Redneck Sustainability: Eating your Pets

Before you gag from the title of this blog, let me explain that my pets growing up included a pig, a few dozen rabbits, some ducks, a few hamsters, an occasional cat, a dog, a calf and a guinea pig. I’ll let your imagination tell you which ones I ate and witch ones I didn’t. But why should eating pets be such a bad thing?

If anything is out of whack, it’s that we’ve manipulated animal breeding, not that we eat them. What’s worse? Eating domesticated animals or breeding them to belch methane into old age and die a pointless life? There’s a chin scratcher.

Natives to North America, First Peoples if you will, knew that we should have a healthy connection with the food we eat, sometimes even asking the noble beasts permission to extinguish their souls. Now whacking a domesticated pet in the head as it stares up at you with trusting eyes might not be quite the same as hunting a noble beast, but none the less, it’s good to have an intimate connection with our food.

On that note, let’s take another lesson in sustainability from the redneck play book of life.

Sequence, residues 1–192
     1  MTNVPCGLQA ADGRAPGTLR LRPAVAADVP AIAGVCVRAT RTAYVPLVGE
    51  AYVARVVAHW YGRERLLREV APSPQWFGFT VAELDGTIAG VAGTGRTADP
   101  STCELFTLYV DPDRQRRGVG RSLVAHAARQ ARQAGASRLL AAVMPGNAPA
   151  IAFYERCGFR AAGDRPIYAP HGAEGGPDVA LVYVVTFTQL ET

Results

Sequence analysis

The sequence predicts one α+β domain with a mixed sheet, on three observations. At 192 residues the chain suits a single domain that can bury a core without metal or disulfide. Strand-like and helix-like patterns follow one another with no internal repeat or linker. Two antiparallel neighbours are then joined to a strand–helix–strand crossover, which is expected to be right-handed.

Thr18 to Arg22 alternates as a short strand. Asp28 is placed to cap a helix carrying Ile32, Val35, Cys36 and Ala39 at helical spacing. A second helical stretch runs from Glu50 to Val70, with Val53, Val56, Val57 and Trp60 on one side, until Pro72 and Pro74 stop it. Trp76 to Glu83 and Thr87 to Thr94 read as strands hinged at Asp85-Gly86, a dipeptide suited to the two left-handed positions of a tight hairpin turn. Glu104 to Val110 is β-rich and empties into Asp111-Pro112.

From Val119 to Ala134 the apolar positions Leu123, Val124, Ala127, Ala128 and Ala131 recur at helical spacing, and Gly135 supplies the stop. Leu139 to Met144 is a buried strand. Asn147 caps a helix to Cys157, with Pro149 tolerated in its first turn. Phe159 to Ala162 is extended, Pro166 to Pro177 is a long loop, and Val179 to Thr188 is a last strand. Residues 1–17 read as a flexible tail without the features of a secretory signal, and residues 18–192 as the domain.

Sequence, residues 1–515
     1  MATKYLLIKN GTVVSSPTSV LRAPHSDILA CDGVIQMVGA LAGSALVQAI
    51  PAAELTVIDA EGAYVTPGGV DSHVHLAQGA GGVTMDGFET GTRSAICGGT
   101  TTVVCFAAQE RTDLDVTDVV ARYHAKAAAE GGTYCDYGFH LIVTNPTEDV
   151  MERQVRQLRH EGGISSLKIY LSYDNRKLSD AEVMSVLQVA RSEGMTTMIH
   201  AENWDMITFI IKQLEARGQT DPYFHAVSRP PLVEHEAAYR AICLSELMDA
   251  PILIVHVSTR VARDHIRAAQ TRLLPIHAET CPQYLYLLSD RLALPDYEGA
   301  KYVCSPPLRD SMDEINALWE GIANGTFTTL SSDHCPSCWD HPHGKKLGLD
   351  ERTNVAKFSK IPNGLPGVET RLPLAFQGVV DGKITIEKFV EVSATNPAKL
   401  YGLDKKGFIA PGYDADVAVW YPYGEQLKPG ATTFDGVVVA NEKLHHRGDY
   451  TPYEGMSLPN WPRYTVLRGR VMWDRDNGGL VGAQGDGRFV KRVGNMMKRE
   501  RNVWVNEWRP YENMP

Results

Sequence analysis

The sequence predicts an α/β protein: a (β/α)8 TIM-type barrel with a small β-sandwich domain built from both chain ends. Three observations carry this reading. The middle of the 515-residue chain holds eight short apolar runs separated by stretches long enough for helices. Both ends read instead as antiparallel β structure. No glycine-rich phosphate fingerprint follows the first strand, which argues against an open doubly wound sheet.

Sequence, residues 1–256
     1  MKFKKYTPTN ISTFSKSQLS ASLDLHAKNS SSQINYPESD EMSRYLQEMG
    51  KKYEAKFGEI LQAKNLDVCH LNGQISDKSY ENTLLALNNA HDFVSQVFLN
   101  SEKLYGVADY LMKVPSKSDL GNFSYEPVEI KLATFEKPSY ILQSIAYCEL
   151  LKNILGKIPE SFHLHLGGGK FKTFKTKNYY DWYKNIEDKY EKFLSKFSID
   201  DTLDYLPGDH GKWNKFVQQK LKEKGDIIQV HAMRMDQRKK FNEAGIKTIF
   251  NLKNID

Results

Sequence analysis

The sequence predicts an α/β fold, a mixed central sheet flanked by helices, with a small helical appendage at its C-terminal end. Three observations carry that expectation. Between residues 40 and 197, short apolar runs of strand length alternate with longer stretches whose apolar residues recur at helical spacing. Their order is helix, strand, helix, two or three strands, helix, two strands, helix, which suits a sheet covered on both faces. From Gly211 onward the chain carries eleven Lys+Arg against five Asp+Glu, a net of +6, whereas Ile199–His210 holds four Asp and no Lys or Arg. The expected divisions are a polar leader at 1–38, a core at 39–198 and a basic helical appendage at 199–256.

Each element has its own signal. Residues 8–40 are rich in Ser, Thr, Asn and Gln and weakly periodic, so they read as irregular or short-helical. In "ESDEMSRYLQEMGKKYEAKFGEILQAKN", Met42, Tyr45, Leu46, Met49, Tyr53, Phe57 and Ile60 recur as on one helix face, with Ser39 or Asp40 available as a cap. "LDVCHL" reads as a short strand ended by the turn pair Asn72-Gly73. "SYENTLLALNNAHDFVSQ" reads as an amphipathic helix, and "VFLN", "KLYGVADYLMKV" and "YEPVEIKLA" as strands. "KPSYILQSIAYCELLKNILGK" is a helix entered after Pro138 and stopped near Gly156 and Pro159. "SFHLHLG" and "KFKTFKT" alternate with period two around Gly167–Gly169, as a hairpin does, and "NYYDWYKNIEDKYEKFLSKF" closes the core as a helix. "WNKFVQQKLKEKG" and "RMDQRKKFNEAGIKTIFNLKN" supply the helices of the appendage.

Like myself as a child, most rednecks share the ins and outs of daily life with animals that later go in through the mouth and out through the arse, each playing a beautiful role in maintaining that daily life. (Now that’s sustainability!)

For this simple reason I could never be a vegetarian. To be so would ignore the noble sacrifice that too many dear friends have made with their lives in order to feed mine.  Who am I to rob animals of the worthy and valuable role they are called to play?

But at the same time, meat should be savored not just for its flavor and taste but also for its value and expense. Rednecks don’t believe in flippant impulses for a BBQ, quick trips to the grocery and casual gorgings on ground beef, hooves and sawdust. When we chomp down on a rabbit pot pie each bite is in grateful memory of the little scamp that made it possible.

Even redneck children know how to reconcile the contrasting emotions involved in connecting with a pet one moment and eating it the next. After all, cooking little Bunny Foo Foo or Miss Piggy over a Smokey Joe does not just a BBQ make, but it’s a somber and religious experience.

(edited from original post, April 1st, 2009)

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